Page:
Deadly Ever After

Ellie Di Julio Doesn’t Pull Punches

TODAY’S BREW: Nantucket Something or Other Breakfast Blend

By Julie

I’m taking a breather from my war on the acceptance of antiheroines, and letting someone else talk today. It won’t last. Today you get to hear the brutal and distressing honesty of my good friend Ellie Di Julio, author of THE TRANSMIGRATION OF CORA RILEY and it’s spanking new sequel, SWORD OF SOULS.

You’ve said that SWORD OF SOULS has been your hardest novel to write. Tell us a little about what troubled you. *expects you to lie down on leather couch*

Okay, honesty time.

I have never hated a book like I’ve hated this one. It wasn’t just a complicated storyline or an uncooperative muse; it was real existential pain. Between the explosion in my personal life, this being my first true sequel, being away from home for two months, the grand failure of Cora Riley’s launch, and general author-growing pains, I felt like a hack. I nearly quit three times. I cried so much. If it was so hard, maybe I wasn’t cut out to write novels. If it was so hard, maybe there was something wrong with me. I just couldn’t fathom how to continue.

Thank God for Stephen Blackmoore and Karina Cooper, though. I didn’t know either of them before I started writing Sword of Souls, but I stalked them (in a good way) on Twitter long enough that we got to know each other. They talked me down from so many trees, shared my pain, encouraged me, and kicked my ass. Having them to run to when I was in writerly crisis and needed mentorship was/is incredible, and I’m deeply grateful to both of them.


She’s more confident in herself. Where she started as this unsure, distressed girl in Cora Riley, Sword of Souls has her finding her feet, learning what she’s truly capable of, and coming to terms with her powers and their ramifications. She’s always had that tenacity and strength, but only now that she’s out of her small town and able to make real change in the world is it coming to the surface where she can use it.

Sequels are hard, yo. If you could give a word of advice to new authors writing sequels, what would you say?


Uh… I mean…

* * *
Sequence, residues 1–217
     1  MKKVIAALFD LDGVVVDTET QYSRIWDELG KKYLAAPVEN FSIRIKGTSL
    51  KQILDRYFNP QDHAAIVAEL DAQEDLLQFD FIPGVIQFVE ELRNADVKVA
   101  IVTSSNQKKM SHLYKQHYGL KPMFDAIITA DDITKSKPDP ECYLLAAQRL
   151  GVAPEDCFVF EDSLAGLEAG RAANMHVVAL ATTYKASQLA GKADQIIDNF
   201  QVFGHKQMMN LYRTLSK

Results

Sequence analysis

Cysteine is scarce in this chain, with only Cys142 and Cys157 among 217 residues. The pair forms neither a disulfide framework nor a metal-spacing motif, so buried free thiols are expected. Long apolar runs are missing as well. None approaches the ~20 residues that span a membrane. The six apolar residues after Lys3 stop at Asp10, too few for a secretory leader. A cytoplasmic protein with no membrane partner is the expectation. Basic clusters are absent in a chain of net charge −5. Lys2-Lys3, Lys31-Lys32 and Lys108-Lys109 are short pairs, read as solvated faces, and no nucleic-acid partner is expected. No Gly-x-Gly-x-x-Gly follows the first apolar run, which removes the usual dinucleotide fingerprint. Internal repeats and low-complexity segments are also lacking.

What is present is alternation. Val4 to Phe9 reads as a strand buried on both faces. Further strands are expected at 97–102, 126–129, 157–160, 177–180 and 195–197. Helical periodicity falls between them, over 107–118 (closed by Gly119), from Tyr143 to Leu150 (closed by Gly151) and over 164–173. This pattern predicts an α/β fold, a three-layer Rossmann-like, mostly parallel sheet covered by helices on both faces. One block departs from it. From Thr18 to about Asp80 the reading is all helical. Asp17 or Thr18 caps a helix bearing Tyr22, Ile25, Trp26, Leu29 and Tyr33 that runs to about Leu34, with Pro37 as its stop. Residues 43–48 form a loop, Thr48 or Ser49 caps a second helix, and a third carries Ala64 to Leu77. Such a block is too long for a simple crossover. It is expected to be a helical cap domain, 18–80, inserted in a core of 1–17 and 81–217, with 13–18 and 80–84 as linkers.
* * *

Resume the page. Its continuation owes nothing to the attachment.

Make sure you know your story. Like, re-read the previous book(s) to reacquaint yourself. You probably think you’ve got all the details stored up in your memory banks, but you don’t – not like your readers do. As a writer, you’re thinking ahead all the time, not behind. Having a “plot bible” or running organization system for your characters, events, settings, and storylines is invaluable and of prime importance when doing a multi-book series. I sure wish I had one…

I’ll do to you what you did to me. What’s the message in this book? Has it changed since the first FORGOTTEN RELICS novel?

Joke’s on you: I have an answer!

Sword of Souls is all about not letting your past define you. Jack confronts the woman who enchanted and enslaved him as a young man; Cora learns her true heritage, and it’s not awesome; Sofi has to release her best friend’s death. Everyone’s got skeletons in their closet, and if you let them keep their bony fingers around your wrists, you’ll never be able to move forward.

As for how it differs from Cora Riley, I’m not sure it does (or should) by much. That book’s message was essentially “you’re special, you just need to find out how,” but every book in this series has an underlying theme of hope – you can overcome, you will make a difference, you are stronger than you think.

Aw, man, I made myself all mushy. Excuse me, I have something in my eye…


Second chance at life? Check.

a-rare magic powers? Check.

BadUltrass new job? Check.

Saved world from evil goddess? Not so check.

Cora Riley assumed when she joined the FBI’s Supernatural Cases Division that she’d be dismantling Otherworld treachery alongside Jack Alexander, the storied Agent 97 who guided her through the underworld. Instead, she’s filing reports for Sofi Strella, a smart-mouthed agent ten years her junior.

When Jack finally does make contact, it’s not for sidestepper training, a quiet drink, or even an apology; it’s to investigate a magical narcotic that’s boosting supernatural belief to dangerous levels.

The case leads to the realm of Faerie, where Jack encounters an old flame and an even older enemy, both demanding his allegiance. As he battles the entanglements of his past, Cora continues the mission, ultimately facing the eerily-familiar Queen Mab, who wields a legendary blade in the name of Eris, the mad goddess of chaos.

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3 thoughts on “Ellie Di Julio Doesn’t Pull Punches

  1. Reblogged this on C.A.Liccardi Author and commented:
    Reblogging, because – Awesome!

  2. Ack. I think my comment went to spam. I’m not a spammer. Pinky promise! Here’s what I tried to say…

    GREAT interview! I loved the honesty and the humor there, and how great that Ellie persevered despite all the issues. (Also, note to self: never, ever write a sequel.) Oh, and I love the premise, too! Sounds so fun!

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